women in science

For Women in Sciences, Slow Progress in Academia” (Sara Rimer, NYT):

Even as the number of women earning Ph.D.’s in science has substantially increased – women now account for 45 percent to 50 percent of the biology doctorates, and 33 percent of those in chemistry – the science and engineering faculties of elite research universities remain overwhelmingly male. And the majority of the women are clustered at the junior faculty rank.

Pop quiz, class. Complete these sentences:

  1. Women are underrepresented in academia because…
  2. Conservatives are underrepresented in academia because…
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9 thoughts on “women in science

  1. Kind of makes you wonder why the cry for “intellectual diversity” at colleges and universities has been directed at the humanities and social sciences, but not the sciences.
    Also, why attempts to set up an “Academic Bill of Right” (in Florida, for example) are (again!) not worried about the sciences. From Florida HB 837, Section 1004.09(1): “In the humanities, the social sciences, and the arts, the fostering of a plurality of serious scholarly methodologies and perspectives should be a significant institutional purpose.”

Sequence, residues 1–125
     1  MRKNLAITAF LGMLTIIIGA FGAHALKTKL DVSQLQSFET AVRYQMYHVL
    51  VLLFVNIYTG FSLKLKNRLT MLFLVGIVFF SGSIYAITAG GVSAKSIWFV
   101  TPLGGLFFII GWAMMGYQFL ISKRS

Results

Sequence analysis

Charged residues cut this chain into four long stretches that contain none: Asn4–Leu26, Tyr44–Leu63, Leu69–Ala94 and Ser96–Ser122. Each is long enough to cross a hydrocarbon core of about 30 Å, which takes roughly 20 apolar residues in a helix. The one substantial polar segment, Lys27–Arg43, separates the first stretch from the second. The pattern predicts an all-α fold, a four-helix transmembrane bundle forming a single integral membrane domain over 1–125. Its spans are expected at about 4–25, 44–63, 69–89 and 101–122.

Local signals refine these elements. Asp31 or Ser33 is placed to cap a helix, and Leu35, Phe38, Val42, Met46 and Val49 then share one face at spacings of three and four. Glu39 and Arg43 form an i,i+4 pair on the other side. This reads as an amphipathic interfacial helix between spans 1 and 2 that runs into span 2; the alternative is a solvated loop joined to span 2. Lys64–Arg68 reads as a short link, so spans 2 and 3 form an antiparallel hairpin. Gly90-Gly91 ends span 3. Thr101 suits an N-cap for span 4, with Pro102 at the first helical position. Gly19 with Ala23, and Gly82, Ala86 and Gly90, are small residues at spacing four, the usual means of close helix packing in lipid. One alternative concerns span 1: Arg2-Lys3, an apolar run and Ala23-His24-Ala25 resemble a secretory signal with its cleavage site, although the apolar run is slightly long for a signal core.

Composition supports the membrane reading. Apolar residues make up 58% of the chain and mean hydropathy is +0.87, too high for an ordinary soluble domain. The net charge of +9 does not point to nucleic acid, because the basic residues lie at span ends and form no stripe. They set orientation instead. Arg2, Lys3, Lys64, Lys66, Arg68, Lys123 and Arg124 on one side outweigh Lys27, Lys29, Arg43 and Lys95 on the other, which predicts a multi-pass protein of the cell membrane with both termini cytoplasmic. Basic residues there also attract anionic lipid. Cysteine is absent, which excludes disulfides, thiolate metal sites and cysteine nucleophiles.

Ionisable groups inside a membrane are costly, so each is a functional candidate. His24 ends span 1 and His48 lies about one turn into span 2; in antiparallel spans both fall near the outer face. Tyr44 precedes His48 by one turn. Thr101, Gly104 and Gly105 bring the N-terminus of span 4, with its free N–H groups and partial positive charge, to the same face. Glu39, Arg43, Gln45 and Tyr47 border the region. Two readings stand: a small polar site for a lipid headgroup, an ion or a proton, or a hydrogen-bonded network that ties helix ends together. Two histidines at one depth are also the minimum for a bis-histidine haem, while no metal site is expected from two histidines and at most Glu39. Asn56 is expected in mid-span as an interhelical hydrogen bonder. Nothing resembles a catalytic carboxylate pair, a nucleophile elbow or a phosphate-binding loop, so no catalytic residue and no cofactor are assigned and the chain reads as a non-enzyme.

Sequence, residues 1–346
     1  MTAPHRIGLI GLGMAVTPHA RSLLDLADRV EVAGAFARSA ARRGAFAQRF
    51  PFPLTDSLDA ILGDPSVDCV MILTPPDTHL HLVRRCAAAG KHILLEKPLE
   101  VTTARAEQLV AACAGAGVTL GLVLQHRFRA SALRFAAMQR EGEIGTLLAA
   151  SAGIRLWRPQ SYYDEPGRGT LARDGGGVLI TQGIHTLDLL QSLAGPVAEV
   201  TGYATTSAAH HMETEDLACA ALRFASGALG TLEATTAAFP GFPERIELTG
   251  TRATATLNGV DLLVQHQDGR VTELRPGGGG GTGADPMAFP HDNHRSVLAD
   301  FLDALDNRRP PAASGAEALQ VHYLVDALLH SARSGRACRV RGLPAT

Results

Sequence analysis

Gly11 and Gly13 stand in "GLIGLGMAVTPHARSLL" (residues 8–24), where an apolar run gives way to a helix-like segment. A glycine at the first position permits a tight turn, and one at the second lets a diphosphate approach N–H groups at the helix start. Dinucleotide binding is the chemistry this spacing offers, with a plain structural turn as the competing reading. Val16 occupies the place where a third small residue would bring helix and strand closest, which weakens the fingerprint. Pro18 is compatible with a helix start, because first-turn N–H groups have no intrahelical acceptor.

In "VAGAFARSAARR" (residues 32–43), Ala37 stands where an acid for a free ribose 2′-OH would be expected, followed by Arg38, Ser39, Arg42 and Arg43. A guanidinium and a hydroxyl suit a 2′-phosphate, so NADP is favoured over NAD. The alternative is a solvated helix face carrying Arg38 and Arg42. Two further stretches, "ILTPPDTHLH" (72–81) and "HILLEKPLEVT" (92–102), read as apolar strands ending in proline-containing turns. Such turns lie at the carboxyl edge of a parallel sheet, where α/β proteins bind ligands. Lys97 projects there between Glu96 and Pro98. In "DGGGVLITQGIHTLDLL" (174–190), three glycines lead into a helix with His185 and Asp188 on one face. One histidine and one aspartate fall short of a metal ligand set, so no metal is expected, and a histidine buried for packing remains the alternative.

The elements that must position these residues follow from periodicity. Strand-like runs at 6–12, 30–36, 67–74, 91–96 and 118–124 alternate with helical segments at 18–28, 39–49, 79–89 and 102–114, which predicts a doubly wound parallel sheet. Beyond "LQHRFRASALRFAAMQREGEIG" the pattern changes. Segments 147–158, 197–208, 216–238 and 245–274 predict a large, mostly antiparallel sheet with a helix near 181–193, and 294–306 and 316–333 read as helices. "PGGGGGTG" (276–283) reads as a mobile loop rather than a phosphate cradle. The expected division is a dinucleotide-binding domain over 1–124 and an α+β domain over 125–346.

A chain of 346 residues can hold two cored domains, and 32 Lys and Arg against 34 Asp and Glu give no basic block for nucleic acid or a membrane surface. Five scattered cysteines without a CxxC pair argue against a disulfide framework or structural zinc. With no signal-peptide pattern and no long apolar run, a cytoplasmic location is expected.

But it would be WRONG to do that in the sciences ,,, so, don’t hire too many chicks!

  2. I can’t resist saying that I take particular pleasure in this thread because my sister-in-law is one of the female scholars interviewed in the article, where she talks about how crucial the (very few) female role models she had were. What’s amazing to me is how much my sister-in-law is constantly aware of herself as a female role model, and how much extra pressure she puts on herself because of it.
    Very nice thread.

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